Weather today kept us in the tent all morning. Everyone was pretty snowy and icy last night and we couldn’t get the generator running for any heat in the tent so we all piled into our bags with a lot of wet gear to dry out.
Body heat inside a well insulated sleeping bag is an amazing thing. A nice steady stream of warm damp air comes out all night, and voila dry clothes in the morning – well almost dry so we stayed in listening to the wind flap on the tent walls, each happy that no one else seemed to be stirring enough to require getting up.
Water management, it turns out, is a lot of what we do camping in the cold. Drying the water out of our clothes is only part of the issue. With the high altitude it’s easy to get dehydrated, but it’s hard to keep water liquid long enough to drink. Water bottle insulators, tea aplenty, and a horse trough heater inside a
Gatorade jug are all along as tools to help keep liquid water available and us drinking it. Mike also does a good job of handing me his thermos lid full periodically when I forget to come in from working on the station. Building the station went well, particularly with the tent set up right next to our assembly so that many of the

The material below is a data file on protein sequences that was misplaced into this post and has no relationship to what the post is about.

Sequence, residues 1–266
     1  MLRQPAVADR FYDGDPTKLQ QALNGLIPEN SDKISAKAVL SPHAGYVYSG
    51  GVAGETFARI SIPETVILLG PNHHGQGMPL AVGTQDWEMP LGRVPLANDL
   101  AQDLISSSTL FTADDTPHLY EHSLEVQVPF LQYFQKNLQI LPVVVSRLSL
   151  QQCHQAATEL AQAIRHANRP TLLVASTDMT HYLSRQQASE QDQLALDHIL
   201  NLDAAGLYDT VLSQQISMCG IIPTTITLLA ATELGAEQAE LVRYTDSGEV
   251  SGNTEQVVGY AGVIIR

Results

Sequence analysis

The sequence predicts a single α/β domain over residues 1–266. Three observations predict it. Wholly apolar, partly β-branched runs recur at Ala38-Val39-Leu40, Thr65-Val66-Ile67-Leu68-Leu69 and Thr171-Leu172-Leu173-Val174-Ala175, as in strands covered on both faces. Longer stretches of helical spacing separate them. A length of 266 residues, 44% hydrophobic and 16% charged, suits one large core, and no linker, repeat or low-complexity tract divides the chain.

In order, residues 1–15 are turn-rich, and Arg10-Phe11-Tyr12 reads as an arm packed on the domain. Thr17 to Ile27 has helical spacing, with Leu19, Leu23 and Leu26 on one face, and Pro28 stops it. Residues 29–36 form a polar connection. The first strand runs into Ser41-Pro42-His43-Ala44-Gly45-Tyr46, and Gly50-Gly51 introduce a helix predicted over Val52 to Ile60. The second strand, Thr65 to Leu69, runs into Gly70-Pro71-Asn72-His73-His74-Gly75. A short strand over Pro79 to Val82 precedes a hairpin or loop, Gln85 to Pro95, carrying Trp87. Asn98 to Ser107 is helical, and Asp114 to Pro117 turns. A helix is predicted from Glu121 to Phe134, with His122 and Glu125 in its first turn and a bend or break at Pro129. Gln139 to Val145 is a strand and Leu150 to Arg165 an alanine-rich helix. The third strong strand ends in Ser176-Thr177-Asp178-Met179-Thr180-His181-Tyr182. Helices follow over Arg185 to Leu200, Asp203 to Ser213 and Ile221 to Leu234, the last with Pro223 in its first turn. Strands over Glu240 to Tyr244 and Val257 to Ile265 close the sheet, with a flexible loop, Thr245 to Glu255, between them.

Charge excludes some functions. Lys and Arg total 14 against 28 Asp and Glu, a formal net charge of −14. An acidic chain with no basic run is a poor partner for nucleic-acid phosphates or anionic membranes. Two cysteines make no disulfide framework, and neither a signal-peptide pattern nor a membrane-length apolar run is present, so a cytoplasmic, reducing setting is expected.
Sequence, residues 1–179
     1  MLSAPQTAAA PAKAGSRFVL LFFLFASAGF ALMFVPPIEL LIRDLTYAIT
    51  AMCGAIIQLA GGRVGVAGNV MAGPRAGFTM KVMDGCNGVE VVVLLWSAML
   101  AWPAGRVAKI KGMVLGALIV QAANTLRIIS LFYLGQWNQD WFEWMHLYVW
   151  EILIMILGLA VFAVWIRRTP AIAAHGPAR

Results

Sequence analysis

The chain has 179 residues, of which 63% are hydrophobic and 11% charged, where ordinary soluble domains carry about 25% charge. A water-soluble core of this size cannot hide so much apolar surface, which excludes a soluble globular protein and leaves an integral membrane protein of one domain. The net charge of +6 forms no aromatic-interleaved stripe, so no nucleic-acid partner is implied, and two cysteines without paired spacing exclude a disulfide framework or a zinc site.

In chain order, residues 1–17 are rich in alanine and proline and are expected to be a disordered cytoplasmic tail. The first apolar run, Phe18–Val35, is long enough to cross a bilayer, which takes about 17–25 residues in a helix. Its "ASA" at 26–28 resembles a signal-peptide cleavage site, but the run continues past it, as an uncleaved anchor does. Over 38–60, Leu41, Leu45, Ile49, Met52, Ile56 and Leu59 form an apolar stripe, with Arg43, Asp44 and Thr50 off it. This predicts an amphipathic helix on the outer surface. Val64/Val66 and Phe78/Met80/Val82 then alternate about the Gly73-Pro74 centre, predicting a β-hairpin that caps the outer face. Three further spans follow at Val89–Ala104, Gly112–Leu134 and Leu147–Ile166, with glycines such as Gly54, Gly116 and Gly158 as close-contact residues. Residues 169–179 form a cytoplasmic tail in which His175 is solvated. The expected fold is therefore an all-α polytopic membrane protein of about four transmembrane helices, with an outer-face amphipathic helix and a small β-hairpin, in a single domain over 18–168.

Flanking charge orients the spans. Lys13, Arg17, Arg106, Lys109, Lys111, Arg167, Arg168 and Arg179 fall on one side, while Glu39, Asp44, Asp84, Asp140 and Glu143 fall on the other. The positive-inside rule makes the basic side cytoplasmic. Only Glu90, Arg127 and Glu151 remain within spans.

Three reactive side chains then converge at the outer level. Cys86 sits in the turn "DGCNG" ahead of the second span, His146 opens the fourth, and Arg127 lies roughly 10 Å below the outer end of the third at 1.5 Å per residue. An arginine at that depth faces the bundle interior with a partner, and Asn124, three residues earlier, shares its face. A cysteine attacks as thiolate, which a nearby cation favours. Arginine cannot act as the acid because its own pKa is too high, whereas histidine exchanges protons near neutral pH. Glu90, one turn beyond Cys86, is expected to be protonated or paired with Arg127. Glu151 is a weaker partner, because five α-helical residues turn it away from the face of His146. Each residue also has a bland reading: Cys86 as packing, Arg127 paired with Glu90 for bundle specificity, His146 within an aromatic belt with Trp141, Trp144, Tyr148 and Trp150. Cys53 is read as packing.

smaller tasks could be done in out of the wind. Halfway through the day we got the generator started and inside the tent became more than cozy! A 750 Watt space heater will bring the inside of an Arctic oven up about 40-50 degrees above the outside temperature – pure pleasure for small hand tasks with cold pieces of metal.
Outside with the wind pretty well dying down we assembled the rest of the parts, working a few hours into the evening. Though we’ll have to wait for confirmation that the transmissions are working from home tomorrow, we’re pretty sure we’ve got a fully operational weather and solar radiation monitoring station. The stations use a bare-bones satellite transmitter to send text messages of data in to a gmail account – amazing technology.
If all goes according to plan we’ll put out 4 more stations just like these, and the stations will provide real time updates to us for the next couple years. The data will be fed into weather forecast models and used in our research to better understand how sunlight absorption on the Greenland ice sheet is changing.The messages contain information like wind speed (7.8 knots), air temperature (-32C), and humidity (60%) one would expect to find on a weather station. Sensors specifically for our research project will tell us how much solar radiation is falling on the surface, and how much is reflected. Better still, these sensors will break down the light into its different wavelengths (or colors). This information helps us tell what processes are responsible for the changes in ice sheet reflectivity.
For example, lower reflectivity in the near-infrared means that grain size is increasing.
We hear from a quick call home that wild leeks are out in the forests of Vermont. Our dinner of annie’s mac n cheese, caribou sausage, peas, and mamma-chris made coffee cake was pretty good, but we still itched for some wild leeks!